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Clin J Sport Med. 2016 Mar;26(2):120-7. doi: 10.1097/JSM.0000000000000207.

Multiple Self-Reported Concussions Are More Prevalent in Athletes With ADHD and Learning Disability.

Author information

1
*Departments of Neurology and Neurosurgery, Medical College of Wisconsin, Milwaukee, Wisconsin; †Departments of Exercise and Sport Science, Orthopedics, and Injury Prevention Research Center, University of North Carolina, Chapel Hill, North Carolina; ‡Departments of Epidemiology, Exercise and Sport Science, Orthopedics, and Injury Prevention Research Center, University of North Carolina, Chapel Hill, North Carolina; §Department of Mental/Behavioral Health, Milwaukee VA Medical Center, Milwaukee, Wisconsin; ¶Department of Neurology, New York University School of Medicine, New York, New York; and ‖Department of Neurology, Loyola University Medical Center, Chicago, Illinois.

Abstract

OBJECTIVE:

We evaluated how attention deficit-hyperactivity disorder (ADHD) and learning disability (LD) are associated with concussion history and performance on standard concussion assessment measures. Based on previous reports that developmental disorders are associated with increased injury proneness and poorer cognitive performance, we anticipated that ADHD and LD would be associated with increased history of concussion and poorer baseline performance on assessment measures.

DESIGN:

Cross-sectional study.

SETTING:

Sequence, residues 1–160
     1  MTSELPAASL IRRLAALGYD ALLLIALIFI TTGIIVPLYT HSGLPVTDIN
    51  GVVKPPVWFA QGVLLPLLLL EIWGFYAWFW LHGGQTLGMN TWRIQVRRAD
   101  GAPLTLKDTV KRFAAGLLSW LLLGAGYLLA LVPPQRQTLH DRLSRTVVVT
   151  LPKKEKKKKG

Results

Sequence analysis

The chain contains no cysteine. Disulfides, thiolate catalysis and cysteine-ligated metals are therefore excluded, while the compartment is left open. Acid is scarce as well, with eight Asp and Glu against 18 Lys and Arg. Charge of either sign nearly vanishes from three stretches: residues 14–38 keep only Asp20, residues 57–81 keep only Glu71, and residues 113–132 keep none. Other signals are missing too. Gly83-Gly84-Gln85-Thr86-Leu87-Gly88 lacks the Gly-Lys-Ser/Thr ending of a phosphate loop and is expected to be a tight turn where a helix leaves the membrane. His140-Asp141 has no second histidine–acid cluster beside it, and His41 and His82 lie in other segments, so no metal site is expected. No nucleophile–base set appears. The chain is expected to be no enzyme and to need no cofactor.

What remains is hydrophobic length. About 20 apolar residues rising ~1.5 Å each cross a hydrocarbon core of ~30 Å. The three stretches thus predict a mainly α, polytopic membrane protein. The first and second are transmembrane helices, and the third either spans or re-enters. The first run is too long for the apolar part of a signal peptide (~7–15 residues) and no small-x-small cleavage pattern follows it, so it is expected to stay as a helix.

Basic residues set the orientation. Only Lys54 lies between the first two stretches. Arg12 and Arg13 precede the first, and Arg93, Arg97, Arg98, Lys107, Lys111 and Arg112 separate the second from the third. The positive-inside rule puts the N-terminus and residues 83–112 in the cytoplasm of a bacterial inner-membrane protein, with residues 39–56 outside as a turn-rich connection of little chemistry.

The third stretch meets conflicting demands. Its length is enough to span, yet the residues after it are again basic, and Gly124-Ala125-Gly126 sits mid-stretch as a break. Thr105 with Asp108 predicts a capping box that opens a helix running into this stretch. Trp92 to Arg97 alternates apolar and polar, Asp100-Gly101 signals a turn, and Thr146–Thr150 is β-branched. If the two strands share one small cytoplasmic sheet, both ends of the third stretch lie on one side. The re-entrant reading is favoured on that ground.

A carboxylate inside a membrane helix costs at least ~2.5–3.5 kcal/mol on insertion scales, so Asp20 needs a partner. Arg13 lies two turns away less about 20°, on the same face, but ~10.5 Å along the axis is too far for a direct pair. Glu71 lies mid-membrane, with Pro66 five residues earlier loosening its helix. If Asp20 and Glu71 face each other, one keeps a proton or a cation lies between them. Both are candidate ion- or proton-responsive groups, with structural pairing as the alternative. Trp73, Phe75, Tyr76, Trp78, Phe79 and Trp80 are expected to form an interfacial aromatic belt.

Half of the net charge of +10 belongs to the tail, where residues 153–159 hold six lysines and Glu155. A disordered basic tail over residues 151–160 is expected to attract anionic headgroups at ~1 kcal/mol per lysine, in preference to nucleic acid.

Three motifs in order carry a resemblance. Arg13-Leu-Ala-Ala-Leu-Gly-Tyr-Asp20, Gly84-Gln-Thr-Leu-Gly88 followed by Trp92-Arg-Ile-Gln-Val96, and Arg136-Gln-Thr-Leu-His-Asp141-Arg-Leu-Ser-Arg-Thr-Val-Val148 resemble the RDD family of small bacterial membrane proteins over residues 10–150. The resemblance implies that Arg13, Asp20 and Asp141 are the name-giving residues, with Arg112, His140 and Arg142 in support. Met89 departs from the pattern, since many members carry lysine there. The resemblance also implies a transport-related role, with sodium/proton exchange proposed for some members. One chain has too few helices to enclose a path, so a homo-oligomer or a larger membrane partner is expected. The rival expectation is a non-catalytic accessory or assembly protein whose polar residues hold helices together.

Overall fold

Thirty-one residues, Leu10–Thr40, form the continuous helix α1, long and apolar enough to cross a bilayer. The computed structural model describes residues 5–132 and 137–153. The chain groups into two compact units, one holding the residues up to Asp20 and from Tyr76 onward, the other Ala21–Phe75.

Clinical research center.

PARTICIPANTS:

The study sample aggregated data from two separate projects: the National Collegiate Athletic Association Concussion Study and Project Sideline.

INTERVENTIONS:

We analyzed preseason baseline data from 8056 high school and collegiate athletes (predominantly male football players) enrolled in prior studies of sport-related concussion.

MAIN OUTCOME MEASURES:

Measures included demographic/health history, symptoms, and cognitive performance.

RESULTS:

Attention deficit-hyperactivity disorder and LD were associated with 2.93 and 2.08 times the prevalence, respectively, of 3+ historical concussions (for comorbid ADHD/LD the prevalence ratio was 3.38). In players without histories of concussion, individuals with ADHD reported more baseline symptoms, and ADHD and LD were associated with poorer performance on baseline cognitive tests. Interactive effects were present between ADHD/LD status and concussion history for self-reported symptoms.

CONCLUSIONS:

Neurodevelopmental disorders and concussion history should be jointly considered in evaluating concussed players.

CLINICAL RELEVANCE:

Clinical judgments of self-reported symptoms and cognitive performance should be adjusted based on athletes' individual preinjury baselines or comparison with appropriate normative samples.

PMID:
25915144
DOI:
10.1097/JSM.0000000000000207
[Indexed for MEDLINE]

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